A public petition asking for council officers to look into the needs of benefit claimants in the region has been presented to Scottish Borders Council.
Jenni Craig, the council’s service director for customers and communities, has been told by councillors to implement the demands of the petition: to increase accessibility and support for benefits claimants and re-evaluate a restructure at the council, which petitioners claim has negatively affected the ability of disabled people to claim benefits.
The council formerly employed welfare benefits assistants, who helped people fill out application forms and could represent claimants at tribunals.
However, following a restructure designed to save the council £300,000, these roles were absorbed into a combined customer, homelessness and benefits service.
The restructure was carried out without public consultation, which petitioners say has led to confusion among benefits claimants.
Presenting the petition to Scottish Borders Council’s audit and scrutiny committee last week, Jenny Mushlin, chair of the Borders mental health forum and chief author of the petition, said: “There is known to be an association between financial uncertainty, money worries, and poor mental health.
“Whilst fewer than one in ten people without a mental health problem have debt problems, this rises to close to one in four among those with depression or anxiety.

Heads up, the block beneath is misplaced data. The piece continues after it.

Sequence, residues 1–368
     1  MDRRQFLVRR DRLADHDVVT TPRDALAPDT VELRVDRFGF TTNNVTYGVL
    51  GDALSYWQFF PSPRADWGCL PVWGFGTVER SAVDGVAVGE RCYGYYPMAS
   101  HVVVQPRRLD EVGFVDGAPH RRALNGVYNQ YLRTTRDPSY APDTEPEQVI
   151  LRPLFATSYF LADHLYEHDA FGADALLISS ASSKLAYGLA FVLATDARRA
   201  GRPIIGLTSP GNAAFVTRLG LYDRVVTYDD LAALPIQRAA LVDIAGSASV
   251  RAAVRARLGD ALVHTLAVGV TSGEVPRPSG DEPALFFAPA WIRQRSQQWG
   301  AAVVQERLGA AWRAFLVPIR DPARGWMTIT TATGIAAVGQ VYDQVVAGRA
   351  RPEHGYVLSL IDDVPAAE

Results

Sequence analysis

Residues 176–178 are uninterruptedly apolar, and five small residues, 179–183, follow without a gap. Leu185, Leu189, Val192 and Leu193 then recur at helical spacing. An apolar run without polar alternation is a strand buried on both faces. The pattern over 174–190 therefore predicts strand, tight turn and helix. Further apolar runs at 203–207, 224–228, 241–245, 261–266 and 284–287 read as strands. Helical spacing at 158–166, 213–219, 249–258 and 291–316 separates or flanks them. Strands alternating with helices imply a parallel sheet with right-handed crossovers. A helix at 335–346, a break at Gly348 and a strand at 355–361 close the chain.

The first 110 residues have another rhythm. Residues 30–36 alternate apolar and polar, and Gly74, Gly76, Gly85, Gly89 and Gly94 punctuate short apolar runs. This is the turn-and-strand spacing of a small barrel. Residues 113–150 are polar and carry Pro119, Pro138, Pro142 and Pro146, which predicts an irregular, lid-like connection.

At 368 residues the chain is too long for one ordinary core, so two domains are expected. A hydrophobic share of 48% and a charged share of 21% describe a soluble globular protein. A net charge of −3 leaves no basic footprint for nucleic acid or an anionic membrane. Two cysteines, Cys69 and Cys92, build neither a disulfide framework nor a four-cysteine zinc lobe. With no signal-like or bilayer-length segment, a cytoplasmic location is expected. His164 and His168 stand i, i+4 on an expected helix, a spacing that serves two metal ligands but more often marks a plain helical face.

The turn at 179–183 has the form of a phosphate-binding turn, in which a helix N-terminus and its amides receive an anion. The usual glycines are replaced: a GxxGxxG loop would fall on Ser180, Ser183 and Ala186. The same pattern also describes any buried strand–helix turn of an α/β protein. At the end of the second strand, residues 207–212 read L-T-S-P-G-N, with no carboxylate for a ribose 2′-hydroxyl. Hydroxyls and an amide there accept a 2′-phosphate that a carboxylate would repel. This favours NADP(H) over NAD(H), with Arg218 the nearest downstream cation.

“Problems with welfare benefits and poverty can trigger both new and known mental health problems.
“We would urge you to recognise that the welfare benefits service is a vital service for the mental health and wellbeing of all in the Borders, monitor all the effects of changes and take appropriate action.”
In response, service director Jenni Craig said: “Prior to November 1, 2017 the equivalent of 1.7 welfare benefit assistants were employed to assist with basic benefit enquiries including form filling with customers.
“We now have 49 customer advice and support advisors across a wider range of locations, with a remit to assist customers at the first point of contact with their enquiry whether they present in a locality office face to face, over the telephone or online.
“These advisers already deal with a range of benefit enquiries and applications as well as carrying out assessments for blue badges.
“However, in hindsight we would have benefitted from consulting with service users before the restructure.
“The whole ethos was to bring savings but also to balance our responsibilities.
“We now have a new model where we have staff coming together and providing advice, and we want to offer a wider, more accessible service right across the Borders.”